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Compliance Assistance Quick Start

Step 1: OSHA Requirements That Apply to Many Health Care Employers

The following are some of the key OSHA standards that apply to many health care employers:

  1. Hazard Communication Standard. This standard is designed to ensure that employers and employees know about hazardous chemicals in the workplace and how to protect themselves. Employers with employees who may be exposed to hazardous chemicals in the workplace must prepare and implement a written Hazard Communication Program and comply with other requirements of the standard.

  3. Bloodborne Pathogens Standard. OSHA issued this standard to protect employees from the health hazards of exposure to bloodborne pathogens. Employers are subject to OSHA's Bloodborne Pathogens standard if they have employees whose jobs put them at reasonable risk of coming into contact with blood or other potentially infectious materials. Employers subject to this standard must develop a written exposure control plan, provide training to exposed employees, and comply with other requirements of the standard.

  5. Ionizing Radiation Standard. This standard applies to facilities that have an x-ray machine. It requires affected employers to conduct a survey of the types of radiation used in the facility, including x-rays, to designate restricted areas to limit employee exposure, and to require employees working in designated areas to wear personal radiation monitors. In addition, radiation areas and equipment must be labeled and equipped with caution signs.

  7. Exit Routes Standards. All employers must comply with OSHA's requirements for exit routes in the workplace.

  9. Electrical Standards. Electrical hazards, such as wiring deficiencies, are one of the hazards most frequently cited by OSHA. OSHA's electrical standards include design requirements for electrical systems and safety-related work practices. If you use flammable gases, you may need special wiring and equipment installation.

  11. Emergency Action Plan Standard. OSHA recommends that all employers have an Emergency Action Plan. A plan is mandatory when required by an OSHA standard. An Emergency Action Plan describes the actions employees should take to ensure their safety in a fire or other emergency situation.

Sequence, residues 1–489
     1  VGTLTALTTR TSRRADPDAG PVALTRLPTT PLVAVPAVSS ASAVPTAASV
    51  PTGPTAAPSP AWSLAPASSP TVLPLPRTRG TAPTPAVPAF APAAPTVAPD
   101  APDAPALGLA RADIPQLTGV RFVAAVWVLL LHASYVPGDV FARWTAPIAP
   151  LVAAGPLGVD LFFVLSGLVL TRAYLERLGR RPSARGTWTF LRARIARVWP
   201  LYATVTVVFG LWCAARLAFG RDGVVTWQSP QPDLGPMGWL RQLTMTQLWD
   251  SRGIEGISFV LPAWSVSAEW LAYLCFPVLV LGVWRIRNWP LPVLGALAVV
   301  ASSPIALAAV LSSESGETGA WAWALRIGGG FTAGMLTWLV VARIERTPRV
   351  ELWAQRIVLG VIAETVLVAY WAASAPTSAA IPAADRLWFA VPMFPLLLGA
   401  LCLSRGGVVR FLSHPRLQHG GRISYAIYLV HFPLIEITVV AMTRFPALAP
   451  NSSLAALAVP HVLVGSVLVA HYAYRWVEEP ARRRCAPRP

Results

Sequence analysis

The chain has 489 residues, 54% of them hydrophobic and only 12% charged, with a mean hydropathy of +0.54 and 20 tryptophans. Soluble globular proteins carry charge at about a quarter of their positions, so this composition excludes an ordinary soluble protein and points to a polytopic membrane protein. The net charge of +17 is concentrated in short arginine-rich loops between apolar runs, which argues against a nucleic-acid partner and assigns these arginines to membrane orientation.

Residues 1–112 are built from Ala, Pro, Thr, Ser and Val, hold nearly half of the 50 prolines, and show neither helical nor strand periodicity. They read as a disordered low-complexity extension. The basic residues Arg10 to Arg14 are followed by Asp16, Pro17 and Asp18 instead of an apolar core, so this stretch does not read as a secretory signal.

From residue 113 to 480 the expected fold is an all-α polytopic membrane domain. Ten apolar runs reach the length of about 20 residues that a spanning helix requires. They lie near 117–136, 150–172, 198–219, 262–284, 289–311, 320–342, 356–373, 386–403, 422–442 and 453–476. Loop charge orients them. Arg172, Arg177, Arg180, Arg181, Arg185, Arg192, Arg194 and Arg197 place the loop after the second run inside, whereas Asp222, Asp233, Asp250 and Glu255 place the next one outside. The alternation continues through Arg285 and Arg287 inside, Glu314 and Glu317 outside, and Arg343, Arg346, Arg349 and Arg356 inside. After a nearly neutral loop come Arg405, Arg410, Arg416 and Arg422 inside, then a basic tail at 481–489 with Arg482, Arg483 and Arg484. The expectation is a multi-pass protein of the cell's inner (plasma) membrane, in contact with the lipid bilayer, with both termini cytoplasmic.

13. Fire Safety Standard. OSHA recommends that all employers have a Fire Prevention Plan. A plan is mandatory when required by an OSHA standard.

  15. Medical and First Aid Standard. OSHA requires employers to provide medical and first-aid personnel and supplies commensurate with the hazards of the workplace. The details of a workplace medical and first-aid program are dependent on the circumstances of each workplace and employer.

  17. Personal Protective Equipment (PPE). Employers must perform an assessment of each operation in their workplace to determine if their employees are required to wear PPE. Note that engineering controls and work practices are the preferred methods for protecting employees - OSHA generally considers PPE to be the least desirable means of controlling employee exposure.

This list is not comprehensive - additional OSHA standards may apply to your workplace. Be sure to review OSHA's general industry standards (29 CFR 1910) for other requirements. In addition, section 5(a)(1) of the Occupational Safety and Health Act, known as the General Duty Clause, requires employers to provide their employees with a workplace that is free of recognized hazards likely to cause death or serious physical harm.

  • You may review and print FREE copies of OSHA's general industry standards from OSHA's Web site (29 CFR 1910).
  • You may also order bound volumes of the standards from the Government Printing Office (GPO) at (866) 512-1800 or from GPO's website. To get the complete set of general industry standards from GPO, you will need to order the following two volumes: (1) Title 29, Parts 1900 to 1910 (section 1910.1 to 1910.999) and (2) Title 29, Part 1910 (sections 1910.1000 to end).

NOTE: To find the OSHA standards that are most frequently cited by OSHA inspectors, visit Frequently Cited OSHA Standards. On that Web page, you can find the most frequently cited federal or state OSHA standards based on your organization's Standard Industrial Classification (SIC) code and the number of employees in your establishment.

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